Yang Ban Xi looks as if it might have been expanded from a shorter, earlier work, or perhaps revised for its release in America. This might account for some problematic transfer issues (see below) and for its unconventional aspects. One of these involves the decision to have an actress impersonate the voice of Madame Mao who, from time-to-time, defends her brutal policies or directly responds to comments made by the interviewees. This creates an interesting effect, but since (apparently) her words aren't lifted from real transcripts and the like, the impact of this device isn't nearly as effective than the actual footage of Madame Mao that's used near the end of the documentary.
More bizarrely, at one point Yang Ban Xi becomes a full-blown musical itself, with a hip-hop adaptation of one the songs is played out in the form of a music video. One supposes this was done to demonstrate the enduring popularity of the music and its pliability into other music genres, but it comes off as little more than a bemusing digression.
Video & Audio
That Yang Ban Xi was expanded from a shorter work is in evidence throughout. Presented in 1.78:1 enhanced widescreen, the bulk of the picture was shot on some form of digital video and is likewise 1.78:1, with the archival clips 1.33:1 within the widescreen frame. However, some of the footage is awkwardly transferred; it looks like it was shot on video though made to resemble grainy film stock. It appears as if that was shot full frame and reformatted to 1.66:1 widescreen (with black bars on the left and right of the image) with the image slightly squeezed as well. Unfortunately, somehow in reformatting the bottom line of two-line-tall English subtitles drop right off the bottom of the screen, effectively slicing them in half. You can still read them, but the effect is singularly awkward. Fortunately, this weird formatting problem amounts to only about 5% of the film. (There are also other sloppy editing mistakes, where text font will change or an image from a stray shot will appear for a frame or two.)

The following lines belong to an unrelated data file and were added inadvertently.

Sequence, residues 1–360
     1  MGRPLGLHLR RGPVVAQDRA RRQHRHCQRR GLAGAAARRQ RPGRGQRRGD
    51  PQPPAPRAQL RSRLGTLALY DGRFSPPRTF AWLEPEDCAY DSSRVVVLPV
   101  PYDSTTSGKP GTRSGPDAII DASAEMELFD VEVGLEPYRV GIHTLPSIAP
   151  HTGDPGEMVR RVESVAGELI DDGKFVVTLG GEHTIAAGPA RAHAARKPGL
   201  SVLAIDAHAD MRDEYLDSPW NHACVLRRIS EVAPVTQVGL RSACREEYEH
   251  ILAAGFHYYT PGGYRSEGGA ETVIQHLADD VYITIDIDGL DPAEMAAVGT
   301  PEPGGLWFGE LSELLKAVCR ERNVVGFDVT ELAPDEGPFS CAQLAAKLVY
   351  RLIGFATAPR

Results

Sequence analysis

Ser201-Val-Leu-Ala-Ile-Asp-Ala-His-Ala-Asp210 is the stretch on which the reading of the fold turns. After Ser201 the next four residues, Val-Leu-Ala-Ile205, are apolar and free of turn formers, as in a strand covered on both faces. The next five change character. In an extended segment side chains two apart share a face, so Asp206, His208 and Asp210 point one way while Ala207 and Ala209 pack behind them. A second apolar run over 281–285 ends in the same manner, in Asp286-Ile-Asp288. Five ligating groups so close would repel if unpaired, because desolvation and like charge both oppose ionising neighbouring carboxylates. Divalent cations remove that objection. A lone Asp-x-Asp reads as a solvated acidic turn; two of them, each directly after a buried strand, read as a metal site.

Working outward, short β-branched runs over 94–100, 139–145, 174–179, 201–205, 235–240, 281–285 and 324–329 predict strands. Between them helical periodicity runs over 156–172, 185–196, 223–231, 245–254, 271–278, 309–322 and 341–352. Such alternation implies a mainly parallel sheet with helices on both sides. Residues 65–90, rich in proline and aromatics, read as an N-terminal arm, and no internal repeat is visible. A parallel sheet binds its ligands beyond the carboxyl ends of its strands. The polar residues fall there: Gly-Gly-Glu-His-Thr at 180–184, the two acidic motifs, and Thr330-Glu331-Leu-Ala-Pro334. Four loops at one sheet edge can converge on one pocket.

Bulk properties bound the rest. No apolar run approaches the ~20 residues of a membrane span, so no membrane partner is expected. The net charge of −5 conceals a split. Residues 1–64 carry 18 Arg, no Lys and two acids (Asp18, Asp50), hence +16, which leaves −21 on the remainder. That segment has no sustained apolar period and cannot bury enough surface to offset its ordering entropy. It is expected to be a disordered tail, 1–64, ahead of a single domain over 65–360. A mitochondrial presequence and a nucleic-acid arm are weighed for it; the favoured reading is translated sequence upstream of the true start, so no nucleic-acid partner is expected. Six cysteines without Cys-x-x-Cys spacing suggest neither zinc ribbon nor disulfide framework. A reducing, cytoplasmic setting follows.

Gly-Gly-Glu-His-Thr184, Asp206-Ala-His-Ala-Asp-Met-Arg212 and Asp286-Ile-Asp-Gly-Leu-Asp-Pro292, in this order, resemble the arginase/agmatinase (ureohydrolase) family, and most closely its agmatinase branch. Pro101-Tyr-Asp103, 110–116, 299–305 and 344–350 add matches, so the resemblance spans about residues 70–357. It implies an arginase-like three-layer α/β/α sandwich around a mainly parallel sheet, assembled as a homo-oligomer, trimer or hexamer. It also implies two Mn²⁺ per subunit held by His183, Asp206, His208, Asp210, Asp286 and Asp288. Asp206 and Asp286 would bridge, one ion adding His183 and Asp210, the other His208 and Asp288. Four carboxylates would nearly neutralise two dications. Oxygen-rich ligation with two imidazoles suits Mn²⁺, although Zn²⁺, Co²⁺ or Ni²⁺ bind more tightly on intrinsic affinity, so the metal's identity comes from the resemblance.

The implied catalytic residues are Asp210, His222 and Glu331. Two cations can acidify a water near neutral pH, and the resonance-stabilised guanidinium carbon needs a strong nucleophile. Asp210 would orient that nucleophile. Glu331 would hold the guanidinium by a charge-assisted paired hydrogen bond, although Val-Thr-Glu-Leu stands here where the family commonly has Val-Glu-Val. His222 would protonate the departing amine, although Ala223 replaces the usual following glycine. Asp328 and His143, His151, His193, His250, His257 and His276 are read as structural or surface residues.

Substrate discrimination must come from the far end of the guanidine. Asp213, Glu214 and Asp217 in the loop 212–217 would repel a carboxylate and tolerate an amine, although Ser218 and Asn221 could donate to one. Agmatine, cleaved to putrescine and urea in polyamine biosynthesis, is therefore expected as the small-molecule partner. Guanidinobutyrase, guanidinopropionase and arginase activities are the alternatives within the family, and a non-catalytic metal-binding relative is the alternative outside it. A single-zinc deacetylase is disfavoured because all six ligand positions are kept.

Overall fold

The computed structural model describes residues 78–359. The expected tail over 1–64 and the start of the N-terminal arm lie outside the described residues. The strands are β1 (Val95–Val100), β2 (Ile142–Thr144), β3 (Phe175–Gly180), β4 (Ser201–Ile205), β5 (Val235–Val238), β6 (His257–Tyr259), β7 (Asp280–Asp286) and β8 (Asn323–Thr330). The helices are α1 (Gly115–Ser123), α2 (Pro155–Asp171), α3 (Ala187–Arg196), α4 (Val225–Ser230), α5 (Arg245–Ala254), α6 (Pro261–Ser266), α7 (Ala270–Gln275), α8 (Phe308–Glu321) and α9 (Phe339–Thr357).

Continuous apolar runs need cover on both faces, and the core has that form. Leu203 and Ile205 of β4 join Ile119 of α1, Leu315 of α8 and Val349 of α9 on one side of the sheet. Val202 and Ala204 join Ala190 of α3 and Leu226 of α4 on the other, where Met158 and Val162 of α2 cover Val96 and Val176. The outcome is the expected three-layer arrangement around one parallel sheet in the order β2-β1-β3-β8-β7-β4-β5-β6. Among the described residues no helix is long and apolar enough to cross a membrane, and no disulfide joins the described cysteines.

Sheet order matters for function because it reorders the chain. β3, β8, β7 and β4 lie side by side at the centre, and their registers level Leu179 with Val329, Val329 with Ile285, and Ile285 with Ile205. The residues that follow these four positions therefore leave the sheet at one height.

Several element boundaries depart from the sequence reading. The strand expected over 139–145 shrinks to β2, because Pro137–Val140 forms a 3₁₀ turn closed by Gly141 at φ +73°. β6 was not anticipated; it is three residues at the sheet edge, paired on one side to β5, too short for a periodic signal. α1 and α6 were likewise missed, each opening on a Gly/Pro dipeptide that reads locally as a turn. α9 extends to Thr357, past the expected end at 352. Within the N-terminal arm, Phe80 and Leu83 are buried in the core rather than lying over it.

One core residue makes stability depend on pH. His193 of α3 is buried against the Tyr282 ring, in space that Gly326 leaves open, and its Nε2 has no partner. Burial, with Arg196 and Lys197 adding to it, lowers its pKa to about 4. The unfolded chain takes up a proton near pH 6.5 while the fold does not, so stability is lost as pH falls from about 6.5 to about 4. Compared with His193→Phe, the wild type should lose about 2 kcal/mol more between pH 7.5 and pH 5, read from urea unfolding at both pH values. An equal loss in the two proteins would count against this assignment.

There are no complaints about the Dolby Digital Stereo, which is robust and really adds to the excitement of all those great film clips.
The only supplement is a trailer and a modest image gallery.
Despite its weird video glitches and arguably misplaced musical tangent, Yang Ban Xi is, like its forerunner East Side Story, a fascinating document of a movie genre engrained in the minds of virtually all Chinese around during the Cultural Revolution, but which has remained all but unknown in the west. Highly Recommended.
Film historian Stuart Galbraith IV's most recent essays appear in Criterion's new three-disc Seven Samurai DVD and BCI Eclipse's The Quiet Duel. His audio commentary for Invasion of Astro Monster is due out in June.